Scientists from WMG at the University of Warwick, led by Eindhoven University of Technology in the Netherlands, developed a 1cm by 1cm wireless artificial aquatic polyp, which can remove contaminants from water. Apart from cleaning, this soft robot could be also used in medical diagnostic devices by aiding in picking up and transporting specific cells for analysis.
Ventilators, visors, volunteers and testing - More than a dozen more ways Warwick staff & students are helping respond to the pandemic
I promised to come back to you soon to tell you about even more about the work of many more of our dedicated staff and students I these challenging times and today I am keeping that promise. Here many more ways in which our students and staff are helping from ventilators, visors, and volunteering to helping produce more COVID-19 testing ,and providing online computing experiments for primary school children now learning at home.
In many cases we can’t name the individuals as we want to leave them in peace to get on with their work but where we can they are named below.
Once again I want to give my personal thanks to each and every one of them – they are all inspiring people that are helping us all in these difficult times.”
Professor Stuart Croft
Do passengers prefer autonomous vehicles driven like machines or like humans?– research finds that “peeking round” corners provides answers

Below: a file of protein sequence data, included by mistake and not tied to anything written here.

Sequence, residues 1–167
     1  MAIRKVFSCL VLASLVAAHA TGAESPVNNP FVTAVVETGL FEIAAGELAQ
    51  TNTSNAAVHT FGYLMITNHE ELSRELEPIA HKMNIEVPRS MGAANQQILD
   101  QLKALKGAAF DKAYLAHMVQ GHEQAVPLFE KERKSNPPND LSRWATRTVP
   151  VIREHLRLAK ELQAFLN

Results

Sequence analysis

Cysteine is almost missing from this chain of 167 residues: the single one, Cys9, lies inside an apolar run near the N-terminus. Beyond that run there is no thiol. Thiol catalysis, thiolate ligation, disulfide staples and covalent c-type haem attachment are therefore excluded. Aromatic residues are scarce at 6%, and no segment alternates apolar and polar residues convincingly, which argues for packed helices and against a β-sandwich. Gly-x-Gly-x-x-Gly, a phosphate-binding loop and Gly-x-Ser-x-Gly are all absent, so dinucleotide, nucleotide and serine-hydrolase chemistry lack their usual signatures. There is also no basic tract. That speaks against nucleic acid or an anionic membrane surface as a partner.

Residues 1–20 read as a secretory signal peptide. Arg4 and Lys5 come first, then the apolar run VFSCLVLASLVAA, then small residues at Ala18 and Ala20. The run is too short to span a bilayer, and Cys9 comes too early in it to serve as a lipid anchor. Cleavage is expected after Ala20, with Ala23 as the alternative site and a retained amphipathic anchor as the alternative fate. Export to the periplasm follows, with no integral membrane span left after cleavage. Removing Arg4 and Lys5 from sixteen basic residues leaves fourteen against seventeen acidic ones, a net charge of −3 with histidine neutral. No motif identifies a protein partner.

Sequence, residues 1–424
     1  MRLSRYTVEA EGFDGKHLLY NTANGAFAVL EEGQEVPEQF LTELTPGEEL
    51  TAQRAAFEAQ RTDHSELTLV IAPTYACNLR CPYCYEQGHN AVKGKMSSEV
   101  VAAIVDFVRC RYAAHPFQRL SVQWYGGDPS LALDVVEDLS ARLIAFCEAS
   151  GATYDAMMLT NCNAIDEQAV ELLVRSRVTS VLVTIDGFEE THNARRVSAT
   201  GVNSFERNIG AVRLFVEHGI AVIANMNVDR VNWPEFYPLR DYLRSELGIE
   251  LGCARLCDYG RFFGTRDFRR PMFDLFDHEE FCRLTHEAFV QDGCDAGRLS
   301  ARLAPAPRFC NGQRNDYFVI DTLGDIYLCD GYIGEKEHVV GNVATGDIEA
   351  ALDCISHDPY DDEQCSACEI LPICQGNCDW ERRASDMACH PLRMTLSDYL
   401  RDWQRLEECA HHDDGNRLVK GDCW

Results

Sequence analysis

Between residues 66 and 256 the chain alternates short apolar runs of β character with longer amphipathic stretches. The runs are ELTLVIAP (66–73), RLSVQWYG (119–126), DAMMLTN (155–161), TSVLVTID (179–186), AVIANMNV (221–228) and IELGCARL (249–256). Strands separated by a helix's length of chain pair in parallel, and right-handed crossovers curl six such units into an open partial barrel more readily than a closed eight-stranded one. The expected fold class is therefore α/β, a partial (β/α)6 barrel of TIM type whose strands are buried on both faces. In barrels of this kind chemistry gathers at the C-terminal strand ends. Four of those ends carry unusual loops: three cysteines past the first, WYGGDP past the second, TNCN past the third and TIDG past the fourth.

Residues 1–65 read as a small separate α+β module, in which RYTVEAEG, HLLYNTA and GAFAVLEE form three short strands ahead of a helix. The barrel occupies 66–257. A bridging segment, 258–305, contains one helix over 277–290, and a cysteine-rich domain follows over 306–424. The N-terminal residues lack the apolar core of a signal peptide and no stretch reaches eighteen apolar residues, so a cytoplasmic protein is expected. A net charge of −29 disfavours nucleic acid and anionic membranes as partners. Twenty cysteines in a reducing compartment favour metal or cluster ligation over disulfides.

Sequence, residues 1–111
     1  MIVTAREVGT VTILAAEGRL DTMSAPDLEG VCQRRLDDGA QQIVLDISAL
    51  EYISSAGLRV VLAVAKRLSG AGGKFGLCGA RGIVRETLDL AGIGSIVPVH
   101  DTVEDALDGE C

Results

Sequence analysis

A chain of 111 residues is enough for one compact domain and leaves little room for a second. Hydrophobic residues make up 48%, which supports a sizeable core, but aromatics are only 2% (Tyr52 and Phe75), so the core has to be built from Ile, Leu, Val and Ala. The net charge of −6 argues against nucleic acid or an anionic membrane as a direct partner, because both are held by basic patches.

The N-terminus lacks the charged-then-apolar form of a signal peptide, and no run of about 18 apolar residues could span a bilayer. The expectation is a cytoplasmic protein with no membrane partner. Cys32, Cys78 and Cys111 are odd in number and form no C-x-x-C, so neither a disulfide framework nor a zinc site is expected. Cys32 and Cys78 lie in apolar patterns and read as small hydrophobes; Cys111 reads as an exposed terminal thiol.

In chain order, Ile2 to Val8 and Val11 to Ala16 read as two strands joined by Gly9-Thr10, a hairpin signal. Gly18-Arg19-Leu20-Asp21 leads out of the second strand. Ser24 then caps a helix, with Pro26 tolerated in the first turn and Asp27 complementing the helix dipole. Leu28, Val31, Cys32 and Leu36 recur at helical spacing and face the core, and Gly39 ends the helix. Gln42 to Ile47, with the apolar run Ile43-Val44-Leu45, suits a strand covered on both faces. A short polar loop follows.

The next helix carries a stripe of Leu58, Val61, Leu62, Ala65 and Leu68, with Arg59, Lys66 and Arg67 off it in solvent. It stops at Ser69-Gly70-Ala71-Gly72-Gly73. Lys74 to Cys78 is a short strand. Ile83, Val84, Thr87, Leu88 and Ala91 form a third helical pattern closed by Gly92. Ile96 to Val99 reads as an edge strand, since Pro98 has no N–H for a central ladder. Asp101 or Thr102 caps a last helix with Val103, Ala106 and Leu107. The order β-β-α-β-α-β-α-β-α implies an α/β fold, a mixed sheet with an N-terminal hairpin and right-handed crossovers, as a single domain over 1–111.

Passenger and pedestrian confidence and acceptance will be key to the future and development of autonomous vehicles so researchers at WMG at the University of Warwick have just conducted and reported an experiment to see which autonomous vehicles driving style engendered the highest levels of confidence among autonomous vehicles passengers – driving with full machine efficiency, or driving in a way that emulates average human driving. The surprising result was that neither was optimal but that a blend of both might be best.
A new computer program that spots when information in a quantum computer is escaping to unwanted states will give users of this promising technology the ability to check its reliability without any technical knowledge for the first time.
Schizophrenia can be caused by structural abnormality in adolescent brain associated with genetic risk
Schizophrenia could be caused by a genetic mutation that causes a structural abnormality in the brain during adolescence. Therefore testing for the gene SLC39A8, and brain scans for schizophrenia could predict whether or not someone will develop it - researchers at the University of Warwick have found.